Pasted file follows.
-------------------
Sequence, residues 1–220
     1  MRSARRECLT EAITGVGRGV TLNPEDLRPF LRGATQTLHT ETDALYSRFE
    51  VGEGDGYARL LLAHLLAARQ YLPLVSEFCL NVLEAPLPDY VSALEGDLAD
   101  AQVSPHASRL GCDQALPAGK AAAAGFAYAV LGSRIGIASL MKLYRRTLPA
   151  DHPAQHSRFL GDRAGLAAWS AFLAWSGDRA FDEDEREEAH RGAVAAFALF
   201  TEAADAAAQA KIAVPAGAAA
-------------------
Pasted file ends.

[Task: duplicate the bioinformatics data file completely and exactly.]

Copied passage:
Sequence, residues 1–220
     1  MRSARRECLT EAITGVGRGV TLNPEDLRPF LRGATQTLHT ETDALYSRFE
    51  VGEGDGYARL LLAHLLAARQ YLPLVSEFCL NVLEAPLPDY VSALEGDLAD
   101  AQVSPHASRL GCDQALPAGK AAAAGFAYAV LGSRIGIASL MKLYRRTLPA
   151  DHPAQHSRFL GDRAGLAAWS AFLAWSGDRA FDEDEREEAH RGAVAAFALF
   201  TEAADAAAQA KIAVPAGAAA